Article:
Duke University Study Finds Methane Contamination in Drinking Water Near Fracking Sites

Photo by Augapfel. Some rights reserved.

Last month it was Cornell, and this month it’s Duke, but all these universities are telling us the same thing: hydraulic fracturing comes with environmental risks.

While the study from Cornell focused on the global warming effects of methane that escapes from natural gas fracking, a recent study from Duke University found that escaped methane from shale wells is also making it into surrounding groundwater.

Specifically, concentrations of methane in drinking water wells near active drilling and extraction areas were found to be 17-times higher on average than in wells by non-active drilling areas.  “Although dissolved methane in drinking water is not currently classified as a health hazard for ingestion,” the study points out, “it is an asphyxiant in enclosed spaces and an explosion and fire hazard.”

Of course, the results of a study like this won’t go uncontested. One article questioning the study’s reliability points to an industry spokesman who claims that “the authors (of the Duke University study) admit they have no baseline data at all, which makes it impossible to characterize the state of those water wells prior to recent development.”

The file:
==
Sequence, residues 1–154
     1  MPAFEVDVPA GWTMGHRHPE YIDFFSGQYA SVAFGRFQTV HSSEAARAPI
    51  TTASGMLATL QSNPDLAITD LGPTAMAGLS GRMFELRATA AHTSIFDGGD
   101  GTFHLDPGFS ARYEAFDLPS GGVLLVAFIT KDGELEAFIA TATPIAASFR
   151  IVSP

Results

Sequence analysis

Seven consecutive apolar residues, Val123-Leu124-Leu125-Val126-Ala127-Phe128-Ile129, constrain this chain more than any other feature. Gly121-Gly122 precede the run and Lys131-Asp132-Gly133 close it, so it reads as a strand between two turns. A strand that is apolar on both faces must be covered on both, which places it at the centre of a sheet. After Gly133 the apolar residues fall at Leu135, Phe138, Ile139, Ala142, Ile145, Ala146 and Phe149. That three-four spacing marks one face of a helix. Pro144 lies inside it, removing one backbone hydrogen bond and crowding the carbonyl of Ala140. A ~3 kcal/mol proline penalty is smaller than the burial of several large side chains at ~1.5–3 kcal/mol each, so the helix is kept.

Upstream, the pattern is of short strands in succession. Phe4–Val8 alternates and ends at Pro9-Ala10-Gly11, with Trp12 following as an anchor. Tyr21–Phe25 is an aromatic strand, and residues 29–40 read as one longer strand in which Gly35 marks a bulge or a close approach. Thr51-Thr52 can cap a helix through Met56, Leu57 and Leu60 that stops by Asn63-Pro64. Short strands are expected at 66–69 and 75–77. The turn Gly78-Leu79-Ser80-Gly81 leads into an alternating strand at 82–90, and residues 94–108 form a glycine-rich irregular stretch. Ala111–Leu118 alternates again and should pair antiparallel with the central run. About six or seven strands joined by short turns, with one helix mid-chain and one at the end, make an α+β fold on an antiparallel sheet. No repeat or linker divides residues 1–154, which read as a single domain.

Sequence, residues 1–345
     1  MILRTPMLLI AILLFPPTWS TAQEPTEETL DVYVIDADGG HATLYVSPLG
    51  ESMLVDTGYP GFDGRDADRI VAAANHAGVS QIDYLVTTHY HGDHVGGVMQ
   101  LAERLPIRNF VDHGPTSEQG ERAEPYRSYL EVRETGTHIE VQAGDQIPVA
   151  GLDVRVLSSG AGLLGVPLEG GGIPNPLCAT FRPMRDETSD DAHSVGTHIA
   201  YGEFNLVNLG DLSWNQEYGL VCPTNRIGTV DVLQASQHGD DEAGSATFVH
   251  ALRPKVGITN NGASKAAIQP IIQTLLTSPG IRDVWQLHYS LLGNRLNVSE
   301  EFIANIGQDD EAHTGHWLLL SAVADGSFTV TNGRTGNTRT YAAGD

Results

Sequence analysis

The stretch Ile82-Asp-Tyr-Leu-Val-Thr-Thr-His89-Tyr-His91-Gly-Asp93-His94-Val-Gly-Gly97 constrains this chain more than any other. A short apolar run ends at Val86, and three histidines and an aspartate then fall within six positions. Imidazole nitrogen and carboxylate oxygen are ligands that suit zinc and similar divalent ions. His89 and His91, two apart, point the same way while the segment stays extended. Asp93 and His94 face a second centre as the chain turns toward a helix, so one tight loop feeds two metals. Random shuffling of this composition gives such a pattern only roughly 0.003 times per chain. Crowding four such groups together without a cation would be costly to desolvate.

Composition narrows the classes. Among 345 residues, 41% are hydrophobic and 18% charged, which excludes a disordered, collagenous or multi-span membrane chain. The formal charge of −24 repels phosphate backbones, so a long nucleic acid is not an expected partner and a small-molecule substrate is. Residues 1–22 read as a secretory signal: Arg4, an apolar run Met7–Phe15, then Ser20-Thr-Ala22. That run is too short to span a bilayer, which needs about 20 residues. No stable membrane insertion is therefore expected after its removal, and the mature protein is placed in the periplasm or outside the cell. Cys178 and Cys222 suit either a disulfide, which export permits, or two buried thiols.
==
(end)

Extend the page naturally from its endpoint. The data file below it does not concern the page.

However, one good – and surprisingly less publicized – piece of news for the gas industry is that this particular study found no evidence of drinking water contamination from the fracturing fluids themselves or from “produced” water (wastewater that results from the fracking process). Still, the EPA announced yesterday that they are continuing to seek information from natural gas drillers on their wastewater disposal processes to “ensure that natural gas production takes place safely and responsibly.”

For more information on the study, check out this Fulbright & Jaworski Briefing.

One response to this post.

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